Highlighting emerging industries such as digital, creative and logistics, he said: “This is the place where we can put together a new industrial revolution.”
The report highlights the need to focus on the prevention of disease, and aims to turn the city region into the most physically active in the UK.
Sheffield Teaching Hospitals chief executive Sir Andrew Cash said there were three main problems in the city region.
The first, and biggest, was health inequality.
Sir Andrew said there were differences of up to 12 years in life expectancy between different areas. This is linked to ‘long, slow-burning issues’ such as access to jobs, education and opportunities.
The second, said Sir Andrew, was inequality of access to health and care services.
“We want to provide top-quality care services for local people wherever they are in this region,” he said.
And the third problem was a lack of planning of care systems.
Sir Andrew said: “We need to refocus our resources and priorities into people’s health and wellbeing.
“We need to start thinking about prescribing exercise as opposed to medicines where it’s appropriate to do so.”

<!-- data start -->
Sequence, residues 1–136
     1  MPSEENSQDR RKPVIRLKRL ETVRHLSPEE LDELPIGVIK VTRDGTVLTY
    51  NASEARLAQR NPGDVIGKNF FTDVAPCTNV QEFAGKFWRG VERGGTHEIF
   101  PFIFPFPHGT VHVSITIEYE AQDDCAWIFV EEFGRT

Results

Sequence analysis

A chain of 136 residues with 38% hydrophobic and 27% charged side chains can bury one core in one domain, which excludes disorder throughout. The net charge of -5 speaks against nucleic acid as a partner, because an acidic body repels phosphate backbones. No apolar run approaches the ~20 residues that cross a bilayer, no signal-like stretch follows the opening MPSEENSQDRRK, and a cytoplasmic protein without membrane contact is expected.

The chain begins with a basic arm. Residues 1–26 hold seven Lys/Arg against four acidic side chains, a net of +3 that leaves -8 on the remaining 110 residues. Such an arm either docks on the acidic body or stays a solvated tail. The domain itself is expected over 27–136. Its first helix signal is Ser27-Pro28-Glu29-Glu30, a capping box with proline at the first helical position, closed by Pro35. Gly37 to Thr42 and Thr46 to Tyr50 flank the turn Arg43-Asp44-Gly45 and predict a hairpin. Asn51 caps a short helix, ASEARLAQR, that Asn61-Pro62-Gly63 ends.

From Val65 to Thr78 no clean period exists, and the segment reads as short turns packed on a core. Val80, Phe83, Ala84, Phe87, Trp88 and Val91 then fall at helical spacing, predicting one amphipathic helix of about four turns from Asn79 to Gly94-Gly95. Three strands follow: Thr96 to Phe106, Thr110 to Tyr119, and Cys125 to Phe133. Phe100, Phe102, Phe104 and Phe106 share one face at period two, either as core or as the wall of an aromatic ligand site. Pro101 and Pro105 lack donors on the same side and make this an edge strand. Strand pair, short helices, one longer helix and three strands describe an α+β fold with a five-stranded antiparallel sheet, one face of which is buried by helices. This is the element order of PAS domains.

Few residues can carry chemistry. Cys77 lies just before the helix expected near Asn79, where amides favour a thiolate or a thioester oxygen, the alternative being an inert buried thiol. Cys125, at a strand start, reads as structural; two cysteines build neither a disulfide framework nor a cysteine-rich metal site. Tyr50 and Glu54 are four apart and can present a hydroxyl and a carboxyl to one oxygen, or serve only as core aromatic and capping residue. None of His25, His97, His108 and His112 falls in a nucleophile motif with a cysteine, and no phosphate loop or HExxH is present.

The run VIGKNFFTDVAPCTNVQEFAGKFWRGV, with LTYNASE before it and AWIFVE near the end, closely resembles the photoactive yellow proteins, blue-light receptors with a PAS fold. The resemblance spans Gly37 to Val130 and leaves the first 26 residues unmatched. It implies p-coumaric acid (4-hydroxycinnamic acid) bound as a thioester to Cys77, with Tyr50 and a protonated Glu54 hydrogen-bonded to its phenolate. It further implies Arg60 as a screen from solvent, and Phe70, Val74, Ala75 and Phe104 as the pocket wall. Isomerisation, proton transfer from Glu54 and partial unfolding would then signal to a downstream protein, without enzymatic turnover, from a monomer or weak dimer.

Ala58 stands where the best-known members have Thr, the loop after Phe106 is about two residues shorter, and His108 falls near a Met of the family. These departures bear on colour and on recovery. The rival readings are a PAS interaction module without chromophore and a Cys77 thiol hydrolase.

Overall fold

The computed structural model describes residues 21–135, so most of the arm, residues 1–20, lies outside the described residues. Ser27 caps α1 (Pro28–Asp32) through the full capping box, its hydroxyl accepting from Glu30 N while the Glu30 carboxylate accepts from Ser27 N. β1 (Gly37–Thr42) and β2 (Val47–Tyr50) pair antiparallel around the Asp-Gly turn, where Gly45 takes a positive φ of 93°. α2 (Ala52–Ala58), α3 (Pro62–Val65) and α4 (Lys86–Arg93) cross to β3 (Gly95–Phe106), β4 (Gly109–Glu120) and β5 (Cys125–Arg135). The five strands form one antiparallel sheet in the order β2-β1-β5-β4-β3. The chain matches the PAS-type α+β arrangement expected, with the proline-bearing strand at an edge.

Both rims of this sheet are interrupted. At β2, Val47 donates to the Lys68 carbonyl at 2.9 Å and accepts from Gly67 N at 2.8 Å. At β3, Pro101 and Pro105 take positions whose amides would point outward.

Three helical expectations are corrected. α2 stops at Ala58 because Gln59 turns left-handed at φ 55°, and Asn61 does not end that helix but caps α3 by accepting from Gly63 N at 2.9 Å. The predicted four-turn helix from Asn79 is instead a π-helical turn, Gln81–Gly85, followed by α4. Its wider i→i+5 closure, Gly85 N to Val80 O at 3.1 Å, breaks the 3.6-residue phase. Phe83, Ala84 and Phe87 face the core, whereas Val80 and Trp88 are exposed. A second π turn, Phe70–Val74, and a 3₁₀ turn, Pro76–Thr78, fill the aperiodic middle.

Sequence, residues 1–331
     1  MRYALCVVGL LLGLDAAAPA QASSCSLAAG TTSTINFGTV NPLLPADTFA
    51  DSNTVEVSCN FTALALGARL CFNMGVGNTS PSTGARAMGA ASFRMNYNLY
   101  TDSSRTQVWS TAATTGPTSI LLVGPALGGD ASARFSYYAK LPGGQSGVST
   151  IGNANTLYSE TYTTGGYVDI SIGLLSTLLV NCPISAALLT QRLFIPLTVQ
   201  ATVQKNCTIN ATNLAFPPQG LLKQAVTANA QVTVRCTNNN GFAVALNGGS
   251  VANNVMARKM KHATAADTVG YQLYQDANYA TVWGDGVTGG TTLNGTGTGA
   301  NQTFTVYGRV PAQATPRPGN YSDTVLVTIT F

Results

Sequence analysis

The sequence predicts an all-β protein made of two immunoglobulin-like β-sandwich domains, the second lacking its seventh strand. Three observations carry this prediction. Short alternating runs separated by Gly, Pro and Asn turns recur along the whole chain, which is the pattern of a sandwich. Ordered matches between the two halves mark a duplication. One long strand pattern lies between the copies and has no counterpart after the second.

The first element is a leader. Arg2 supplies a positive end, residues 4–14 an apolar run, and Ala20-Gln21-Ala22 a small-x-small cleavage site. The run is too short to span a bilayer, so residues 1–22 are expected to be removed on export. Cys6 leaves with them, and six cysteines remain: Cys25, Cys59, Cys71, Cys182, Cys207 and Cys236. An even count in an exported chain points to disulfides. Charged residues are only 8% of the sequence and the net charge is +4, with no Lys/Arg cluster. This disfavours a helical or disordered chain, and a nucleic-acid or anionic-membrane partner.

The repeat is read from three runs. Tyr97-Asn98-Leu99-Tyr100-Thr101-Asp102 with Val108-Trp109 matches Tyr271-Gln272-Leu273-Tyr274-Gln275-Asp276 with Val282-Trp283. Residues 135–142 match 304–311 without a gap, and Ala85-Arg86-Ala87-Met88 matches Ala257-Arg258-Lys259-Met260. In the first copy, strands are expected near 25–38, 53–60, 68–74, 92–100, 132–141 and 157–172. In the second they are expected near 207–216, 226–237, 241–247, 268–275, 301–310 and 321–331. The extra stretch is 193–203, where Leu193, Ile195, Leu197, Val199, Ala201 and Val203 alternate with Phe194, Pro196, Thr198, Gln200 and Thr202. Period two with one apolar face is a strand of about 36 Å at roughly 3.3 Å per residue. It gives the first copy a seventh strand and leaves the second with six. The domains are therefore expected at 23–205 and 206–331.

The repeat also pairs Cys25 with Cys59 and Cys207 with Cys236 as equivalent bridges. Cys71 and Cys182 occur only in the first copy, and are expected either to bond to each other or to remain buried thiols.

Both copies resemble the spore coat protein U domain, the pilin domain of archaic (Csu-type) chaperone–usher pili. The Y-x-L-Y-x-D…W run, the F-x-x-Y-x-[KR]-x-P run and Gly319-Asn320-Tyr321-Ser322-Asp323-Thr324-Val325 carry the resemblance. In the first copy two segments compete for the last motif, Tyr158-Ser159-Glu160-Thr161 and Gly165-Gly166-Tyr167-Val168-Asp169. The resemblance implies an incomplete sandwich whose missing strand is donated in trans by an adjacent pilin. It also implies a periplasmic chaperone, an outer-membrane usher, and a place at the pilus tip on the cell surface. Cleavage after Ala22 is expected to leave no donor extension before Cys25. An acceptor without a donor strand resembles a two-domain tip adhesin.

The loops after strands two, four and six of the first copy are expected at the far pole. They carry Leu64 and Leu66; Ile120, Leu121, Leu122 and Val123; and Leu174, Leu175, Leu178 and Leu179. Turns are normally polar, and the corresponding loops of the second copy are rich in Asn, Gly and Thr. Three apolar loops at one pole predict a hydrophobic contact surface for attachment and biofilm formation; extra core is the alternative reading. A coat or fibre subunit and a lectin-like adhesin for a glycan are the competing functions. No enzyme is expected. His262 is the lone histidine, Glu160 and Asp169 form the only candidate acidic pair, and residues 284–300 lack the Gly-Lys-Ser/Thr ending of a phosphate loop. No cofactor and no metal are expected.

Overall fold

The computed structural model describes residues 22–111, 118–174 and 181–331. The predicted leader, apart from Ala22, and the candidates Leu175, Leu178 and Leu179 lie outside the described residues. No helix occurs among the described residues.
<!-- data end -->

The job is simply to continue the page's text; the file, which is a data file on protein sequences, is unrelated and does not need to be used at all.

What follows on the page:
The vision also calls for a plan to address the lack of qualifications and competence in the region and low performance in some schools.
Sheffield Hallam University vice-chancellor Professor Chris Husbands said there was plenty of work to be done.
“Excellence is too thinly spread across the city and the city region,” he said.
“This is the challenge we have to face if we are going to build a system that delivers the highly-skilled, highly-qualified people who we will need in the future.”
Prof Husbands said the region faced many challenges, and the vision was necessary for success.
“Around the world there are strong correlations between economic success, social cohesion and underlying high performance education and skills systems,” he said.
“We have to think on a 25-year scale. We have to think about young people who are not yet in the system.
“We frequently think in terms of success and failure. We have to think differently. It’s accepting that good is not good enough.